One man curtly shouts, “Ladies are foolish and always make trouble. Now we do not even have any places to stand!” In response, a woman from my part of the crowd yells at the conductor, “Let her in!” Some of us join her with supportive words.
The lady enters like a cat. When the bus starts to move, her hands look for something to grab for balance. My hand successfully reaches hers. I manage my legs by leaning my feet against the seat to make some room for her to stand. She holds my wet shoulder. I feel that she is me and I am her. After two stops she looks at me and gets off the bus. I see her walk along the footpath—a singular girl. She joins the crowd of women walking ahead, and she becomes one of many.
Nipo | Bangladesh
Pss! Pss! I Slapped a Policeman Today
City flea market, Harare.
We shuffle through heaps of old clothes to find the cheapest. We resell these at a dollar each in Epworth, a rural settlement outside Harare. We sell to get just enough profit for the following day’s budget and remain with capital for tomorrow's order. We buy bread for children's sandwiches, veggies and tomatoes for supper, and keep coins for bus fare and pocket money.
The second hand clothes in the stacks smell so much.
'But why do the clothes smell this much?' my friend Lillian asks.
“I don’t know and I don’t care, Lillian, I just want the good ones. Somebody told me it’s a chemical that they spray to preserve the clothes.”
Suddenly we hear, “Kunyepa, mapeche enyu ndiwo anonhuwa!” In English, this means “You lie, it is your vaginas that smell!”
Before I realize that the intruder is a policeman, I slap him hard, twice. His cap falls down. As he bends to pick it up someone kicks him from behind. He bites the ground and groans. Crowd, jeers!
The policeman lies tummy down. Somebody nudges me and whispers, “Run!! There is going to be a scene.”
I hold Lillian’s hand and we run through the crowds. We jump into a taxi.
“Please take us to the main market, quick!” I throw a note, the driver takes off.
We buy cheap clothes and quickly change into them, discarding our original outfits.
We board a bus home, straight from the market. No city routes.
As I try to sit down someone nudges me and starts laughing. Another man!
‘But why are you laughing?’ I ask, feigning courage.
‘I was there. I kicked the policeman. I helped you get away?’
My heart kicks, I want to run!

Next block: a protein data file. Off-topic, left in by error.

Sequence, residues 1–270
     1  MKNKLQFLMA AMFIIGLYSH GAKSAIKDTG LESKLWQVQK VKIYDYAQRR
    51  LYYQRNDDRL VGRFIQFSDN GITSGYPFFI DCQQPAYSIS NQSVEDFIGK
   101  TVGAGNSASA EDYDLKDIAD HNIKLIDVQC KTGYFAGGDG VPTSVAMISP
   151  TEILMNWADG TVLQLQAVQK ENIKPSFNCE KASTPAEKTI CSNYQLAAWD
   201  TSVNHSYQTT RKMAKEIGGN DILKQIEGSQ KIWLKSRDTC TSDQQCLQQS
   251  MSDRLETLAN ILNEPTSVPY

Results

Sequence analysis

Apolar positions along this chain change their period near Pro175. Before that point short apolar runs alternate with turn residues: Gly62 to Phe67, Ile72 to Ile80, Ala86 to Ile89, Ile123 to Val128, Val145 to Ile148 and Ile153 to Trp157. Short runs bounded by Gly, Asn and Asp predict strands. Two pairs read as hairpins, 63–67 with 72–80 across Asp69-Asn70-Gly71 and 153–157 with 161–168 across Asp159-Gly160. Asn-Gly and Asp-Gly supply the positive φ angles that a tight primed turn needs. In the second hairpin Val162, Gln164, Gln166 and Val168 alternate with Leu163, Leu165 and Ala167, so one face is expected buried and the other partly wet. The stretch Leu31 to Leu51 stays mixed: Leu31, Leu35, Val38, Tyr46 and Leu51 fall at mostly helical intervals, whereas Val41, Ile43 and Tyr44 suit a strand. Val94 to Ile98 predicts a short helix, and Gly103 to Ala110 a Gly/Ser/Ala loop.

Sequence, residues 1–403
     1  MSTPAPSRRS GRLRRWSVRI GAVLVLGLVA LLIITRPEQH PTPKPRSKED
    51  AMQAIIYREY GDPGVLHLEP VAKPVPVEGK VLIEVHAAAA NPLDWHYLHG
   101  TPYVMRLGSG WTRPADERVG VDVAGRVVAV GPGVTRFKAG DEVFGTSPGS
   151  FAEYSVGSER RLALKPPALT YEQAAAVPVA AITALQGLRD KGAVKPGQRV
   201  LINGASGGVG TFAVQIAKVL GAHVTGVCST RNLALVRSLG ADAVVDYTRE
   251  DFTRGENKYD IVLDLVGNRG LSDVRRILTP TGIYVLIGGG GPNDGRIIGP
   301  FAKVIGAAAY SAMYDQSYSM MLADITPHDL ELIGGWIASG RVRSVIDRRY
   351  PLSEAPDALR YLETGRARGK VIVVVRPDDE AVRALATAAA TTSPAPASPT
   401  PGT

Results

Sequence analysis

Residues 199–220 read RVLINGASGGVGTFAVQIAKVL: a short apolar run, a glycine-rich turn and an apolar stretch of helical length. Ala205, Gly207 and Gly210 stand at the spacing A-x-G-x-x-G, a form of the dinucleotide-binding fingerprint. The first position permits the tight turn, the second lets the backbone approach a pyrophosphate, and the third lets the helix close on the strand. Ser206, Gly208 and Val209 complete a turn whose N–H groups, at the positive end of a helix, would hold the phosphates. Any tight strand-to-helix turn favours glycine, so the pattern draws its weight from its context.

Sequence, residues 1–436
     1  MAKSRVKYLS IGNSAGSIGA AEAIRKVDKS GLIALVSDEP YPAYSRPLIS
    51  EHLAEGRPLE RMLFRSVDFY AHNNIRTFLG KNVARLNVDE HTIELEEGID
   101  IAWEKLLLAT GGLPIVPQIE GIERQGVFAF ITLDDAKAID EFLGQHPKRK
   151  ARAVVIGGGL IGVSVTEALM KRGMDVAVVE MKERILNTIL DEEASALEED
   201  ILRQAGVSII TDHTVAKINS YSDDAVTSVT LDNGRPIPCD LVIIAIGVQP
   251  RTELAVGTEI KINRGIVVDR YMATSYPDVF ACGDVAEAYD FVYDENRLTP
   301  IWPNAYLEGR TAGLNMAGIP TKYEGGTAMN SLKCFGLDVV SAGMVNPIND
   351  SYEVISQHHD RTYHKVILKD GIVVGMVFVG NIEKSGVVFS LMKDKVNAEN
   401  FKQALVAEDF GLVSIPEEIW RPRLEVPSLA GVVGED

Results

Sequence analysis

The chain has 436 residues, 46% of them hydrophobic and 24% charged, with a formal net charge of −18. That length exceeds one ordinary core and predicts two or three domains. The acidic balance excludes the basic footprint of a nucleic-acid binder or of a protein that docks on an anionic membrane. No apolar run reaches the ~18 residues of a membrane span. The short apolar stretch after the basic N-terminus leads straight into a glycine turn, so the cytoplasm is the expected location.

‘Don’t be scared, well done. No more abuse of women in the city market. You are a strong woman!’
‘A strong vagina warrior!’ I shout back.
I look at Lillian, our eyes lock and we laugh again.
Chibairo | Zimbabwe
Standing Up for My Daughters
I was in the 6th week of pregnancy when an ultrasound showed that I was carrying twins. My mother-in-law and husband demanded a sex determination test to know the gender of my babies. They tortured me so that I would get it done.
When I still resisted, they fed me eggs, knowing that I was horribly allergic. They took me to the hospital where I was admitted to the labor room. The gynecologist advised a kidney and bladder ultrasound, but the radiologist conducted a fetal ultrasound instead. The ultrasound delivered the news that my babies were female. This is not what my family wanted to hear.
My mother-in-law asked me to at least have one child killed in-utero. She told me that my two daughters would be a huge burden on the family and that abortion was the only way.
They continued to torture me. On 17 May 2005, after a bout of abuse, I was close to miscarrying. They shut me up in the room without food or water. I managed to call my father in the morning. After much persuasion, my husband agreed to bring me to my parents’ home.
Due to all the tension, I delivered two pre-term daughters on 11 August. Even after the birth of my children, I suffered verbal abuse and I had no help in caring for my babies. My mother-in-law deliberately pushed my 4-month-old daughter down the staircase and pretended it was an accident. The children’s paternal grandparents and aunts rejected them totally. My husband turned me out of the house so he could remarry and have sons.
I have filed a case under the act that bans sex determination tests during pregnancy in India. In doing this I became the first mother to file a complaint under the act. I faced a lot of harassment, but I also saved my two daughters—and for that, I am happy.